Advertisement
YOU ARE HERE: LAT HomeCollectionsGeorge Russell Weller
IN THE NEWS

George Russell Weller

CALIFORNIA | LOCAL
October 4, 2006 | John Spano, Times Staff Writer
Jurors virtually sat behind George Russell Weller's steering wheel Tuesday, seeing a specially prepared graphic re-creation of his deadly 20-second drive through an open-air market three years ago. With the view that the 86-year-old Weller had through the windshield of his 1992 Buick, jurors could see and feel jarring impacts as he crashed at freeway speeds through the crowded market, striking dozens of stalls and injuring more than 70 people, 10 of them fatally.
Advertisement
CALIFORNIA | LOCAL
September 30, 2006 | John Spano, Times Staff Writer
George Russell Weller showed the classic symptoms of pedal error and panic when he drove through an open-air market in Santa Monica three years ago, killing 10 people and injuring more than 60, jurors were told Friday. During testimony in Weller's manslaughter trial, Richard Schmidt, a professor of psychology specializing in motor function and control, used basketball star Shaquille O'Neal's notorious inability to shoot free throws to explain part of the incident.
CALIFORNIA | LOCAL
September 26, 2006 | John Spano and Michael Muskal, Times Staff Writers
More than an hour after he drove through the Santa Monica Farmers' Market, leaving 10 people dead, George Russell Weller sat in a stark room at the police station shrouded in misery and frustration. "In that course of that one block, I knocked over those stands and hit those people," Weller, then 86, said the day of the 2003 tragedy. "When I finally came to a rest, [I said,] my God, what have I done?"
CALIFORNIA | LOCAL
September 23, 2006 | John Spano, Times Staff Writer
Ten people died because octogenarian George Russell Weller confused the gas pedal with the brakes and raced his big Buick through an open-air market three years ago, a top state accident investigator testified Friday. Bolstering the defense argument that the incident was an accident, not a crime, Richard Wong said the California Highway Patrol investigation he headed came to the conclusion that "pedal error" by Weller, now 89, is the best explanation for the Santa Monica Farmers' Market tragedy.
CALIFORNIA | LOCAL
September 21, 2006 | John Spano, Times Staff Writer
George Russell Weller felt he was lucky that he didn't have to pass a driving test the last time his California license was renewed, he told police after he drove through the Santa Monica Farmers' Market, killing 10 people and injuring more than 60 three years ago. Weller, now 89, told police that he took a written test, but wasn't required to show that he could drive safely. "I lucked out," Weller said.
CALIFORNIA | LOCAL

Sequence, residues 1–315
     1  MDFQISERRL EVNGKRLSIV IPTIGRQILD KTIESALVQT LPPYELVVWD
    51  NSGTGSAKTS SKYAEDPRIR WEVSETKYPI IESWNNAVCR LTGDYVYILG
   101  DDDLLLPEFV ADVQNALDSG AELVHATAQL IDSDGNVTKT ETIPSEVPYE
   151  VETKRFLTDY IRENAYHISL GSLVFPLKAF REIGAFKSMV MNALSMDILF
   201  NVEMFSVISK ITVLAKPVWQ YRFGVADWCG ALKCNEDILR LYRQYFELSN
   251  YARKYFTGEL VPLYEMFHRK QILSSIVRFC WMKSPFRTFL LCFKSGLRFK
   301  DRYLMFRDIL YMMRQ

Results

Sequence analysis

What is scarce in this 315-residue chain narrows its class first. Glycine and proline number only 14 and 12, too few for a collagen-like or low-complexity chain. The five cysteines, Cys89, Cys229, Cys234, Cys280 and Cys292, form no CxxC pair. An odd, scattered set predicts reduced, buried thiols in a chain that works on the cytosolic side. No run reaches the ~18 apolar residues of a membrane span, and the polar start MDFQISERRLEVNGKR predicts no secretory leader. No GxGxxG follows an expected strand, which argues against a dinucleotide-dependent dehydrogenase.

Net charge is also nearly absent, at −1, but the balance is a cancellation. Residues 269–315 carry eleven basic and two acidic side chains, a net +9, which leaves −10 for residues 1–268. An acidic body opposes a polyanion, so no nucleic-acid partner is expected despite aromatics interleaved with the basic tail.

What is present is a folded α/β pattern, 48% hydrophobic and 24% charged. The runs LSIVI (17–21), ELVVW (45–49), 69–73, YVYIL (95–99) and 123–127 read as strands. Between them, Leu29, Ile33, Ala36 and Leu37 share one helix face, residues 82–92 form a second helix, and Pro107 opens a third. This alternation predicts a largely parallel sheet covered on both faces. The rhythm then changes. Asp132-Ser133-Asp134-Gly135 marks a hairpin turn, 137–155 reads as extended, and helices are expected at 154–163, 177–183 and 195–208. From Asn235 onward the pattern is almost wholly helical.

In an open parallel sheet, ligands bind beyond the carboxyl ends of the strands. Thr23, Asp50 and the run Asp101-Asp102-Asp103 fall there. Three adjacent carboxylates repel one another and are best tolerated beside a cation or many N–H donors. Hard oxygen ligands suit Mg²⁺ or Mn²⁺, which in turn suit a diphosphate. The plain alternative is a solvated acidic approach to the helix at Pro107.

September 4, 2006 | John Spano, Times Staff Writer
George Russell Weller told police he had no idea how the car he was driving accelerated through a crowded farmers market in Santa Monica more than three years ago. Nor, Weller said within an hour of the incident, did he know how his car came to a stop after leaving nearly 1,000 feet of carnage, 10 people dead and more than 60 injuries in its wake.
CALIFORNIA | LOCAL
July 30, 2006 | Jonathan Abrams, Times Staff Writer
An elderly Altadena motorist who drove his car into a crowded patio outside a Starbucks in El Monte on Friday night probably won't face charges, authorities said Saturday. In an accident reminiscent of the 2003 Santa Monica Farmers' Market crash, Ted Kawashima, 85, apparently mistook his gas pedal for the brake, causing his car to plow into the sidewalk patio filled with patrons.
OPINION
August 6, 2004
What a colossal waste of taxpayer money for the National Transportation Safety Board to blame metal barriers as a factor in the July 2003 Santa Monica Farmers' Market carnage ("Flimsy Barriers Cited in Crash," Aug. 4). Even worse is the agency's suggestion that cars should now be manufactured with black boxes to analyze accidents, which would certainly increase new car prices. Where is the common sense here? The only black boxes needed are those in which families should lock the keys of elderly and arrogant relatives who insist on driving when they have had recent accidents and their mental acuity is compromised.
OPINION
January 17, 2004
I read "He May Be Responsible but He's Not Guilty," by Robert Bones (Commentary, Jan. 11), with interest. This case is reminiscent of a case I was involved in some years ago. I am a police sergeant in a suburban city. An elderly woman was driving her car and ran a red light. In the ensuing accident, her passenger and lifelong friend was killed. The woman driving was distraught beyond words. It was clearly a case of manslaughter, but would justice and the community be served by prosecuting this elderly woman?
CALIFORNIA | LOCAL
January 15, 2004 | Martha Groves, Times Staff Writer
Attorneys on Wednesday filed 10 new claims against Santa Monica, alleging that the city should have foreseen last July's Farmers' Market tragedy and erected barricades to keep cars from entering the open-air market. "This was a completely preventable accident," said Geoffrey S. Wells, an attorney representing several injured victims and the survivors of three who died in the calamity. "They dropped the ball."
Los Angeles Times Articles
|